Quantcast
Channel: Croydon Advertiser Latest Stories Feed
Viewing all articles
Browse latest Browse all 5354

Fanny, 100, recalls her first memory - a German airship hovering over her Croydon house in the First World War

0
0

AS FAR as first memories go, there are not many people still left who can say theirs was the sight of a Zeppelin flying over Waddon.

But for centenarian Fanny Hughes, who was aged just three at the time, the first moment she recalls was a German airship hovering over Croydon ready to bomb the town.

Mrs Hughes, who turns 101 later this month, was born in Croydon in 1913, the daughter of Waddon Bridge House's resident doctor Walter Paget.

Although she spent the early part of the war down in Ramsgate while her father was away with the Royal Army Medical Corps, she returned to Croydon aged three.

Speaking in the week marking the centenary of the outbreak of war, she told the Advertiser: "I remember it well. The council set off some loud booms to let us know there was danger coming and we were in the garden.

"We were running inside and I heard the Zeppelin coming over. There was quite a lot of damage after that attack."

Mrs Hughes, whose grandmother ran off with the founder of Australian airline Qantas, lived at the Waddon Road medical practice until around 1950 – where she was a self-proclaimed "lady of leisure".

She had been educated at the now defunct Woodford House School in Dingwall Road, East Croydon, and, without television, she had read the complete works of Charles Dickens and Walter Scott before the age of ten.

Her mother and father both tragically died during the Second World War.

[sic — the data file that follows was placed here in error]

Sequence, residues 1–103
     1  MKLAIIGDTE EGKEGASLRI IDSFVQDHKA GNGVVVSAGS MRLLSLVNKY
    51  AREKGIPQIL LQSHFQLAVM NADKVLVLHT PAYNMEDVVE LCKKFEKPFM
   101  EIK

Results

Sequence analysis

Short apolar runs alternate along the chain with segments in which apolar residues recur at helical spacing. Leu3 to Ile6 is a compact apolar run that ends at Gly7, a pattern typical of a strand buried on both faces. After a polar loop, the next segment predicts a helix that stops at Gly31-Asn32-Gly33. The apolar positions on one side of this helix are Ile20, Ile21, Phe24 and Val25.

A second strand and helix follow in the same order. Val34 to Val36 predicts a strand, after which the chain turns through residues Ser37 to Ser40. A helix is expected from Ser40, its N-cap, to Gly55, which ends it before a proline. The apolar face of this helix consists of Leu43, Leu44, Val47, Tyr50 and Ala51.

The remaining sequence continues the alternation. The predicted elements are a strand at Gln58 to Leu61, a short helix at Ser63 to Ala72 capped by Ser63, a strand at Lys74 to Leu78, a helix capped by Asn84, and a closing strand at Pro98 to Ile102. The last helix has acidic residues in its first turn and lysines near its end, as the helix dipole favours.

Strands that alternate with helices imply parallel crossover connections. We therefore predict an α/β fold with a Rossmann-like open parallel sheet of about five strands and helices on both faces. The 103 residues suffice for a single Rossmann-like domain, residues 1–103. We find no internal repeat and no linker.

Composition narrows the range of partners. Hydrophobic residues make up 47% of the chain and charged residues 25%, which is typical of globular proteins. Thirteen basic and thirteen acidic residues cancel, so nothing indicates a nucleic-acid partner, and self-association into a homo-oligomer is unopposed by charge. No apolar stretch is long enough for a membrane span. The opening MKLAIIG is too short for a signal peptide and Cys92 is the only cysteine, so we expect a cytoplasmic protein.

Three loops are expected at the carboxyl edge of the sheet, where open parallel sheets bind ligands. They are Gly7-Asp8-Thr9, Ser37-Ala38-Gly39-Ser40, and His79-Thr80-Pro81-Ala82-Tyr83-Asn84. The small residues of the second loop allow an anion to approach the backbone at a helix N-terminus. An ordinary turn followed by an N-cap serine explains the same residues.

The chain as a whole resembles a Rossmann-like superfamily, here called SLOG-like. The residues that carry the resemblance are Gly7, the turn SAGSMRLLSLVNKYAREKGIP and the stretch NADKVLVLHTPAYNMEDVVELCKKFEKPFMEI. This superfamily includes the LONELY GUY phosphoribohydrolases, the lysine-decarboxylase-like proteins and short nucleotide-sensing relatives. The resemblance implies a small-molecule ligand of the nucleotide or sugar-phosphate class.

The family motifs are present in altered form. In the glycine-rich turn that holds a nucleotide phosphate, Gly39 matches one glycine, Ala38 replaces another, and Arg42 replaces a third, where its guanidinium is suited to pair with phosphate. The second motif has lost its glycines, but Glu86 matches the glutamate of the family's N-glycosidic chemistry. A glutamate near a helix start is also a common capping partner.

A direct hit on their house led to a marble fireplace falling on her mother and she died two weeks later, while her father died of natural causes during the war as well.

She said watching the war centenary commemorations with her daughter Alexandra, 63, had been a "moving experience".

"I really enjoyed the service. It must really have been very hard for all the soldiers in the trenches and it is important to remember them," she said.

After the Second World War, Mrs Hughes was pursued by a man named James who was drawn to her after hearing her voice over the phone.

She eventually married him and had three children but his chronic gambling problem lost them their home and he died of tuberculosis. Mrs Hughes buried him on her 40th birthday.

Mrs Hughes, who lives in a retirement home in Dorking, now spends her time doing crosswords and watching Strictly Come Dancing.

Fanny, 100, recalls her first memory - a German airship hovering over her Croydon house in the First World War


Viewing all articles
Browse latest Browse all 5354

Latest Images

Trending Articles





Latest Images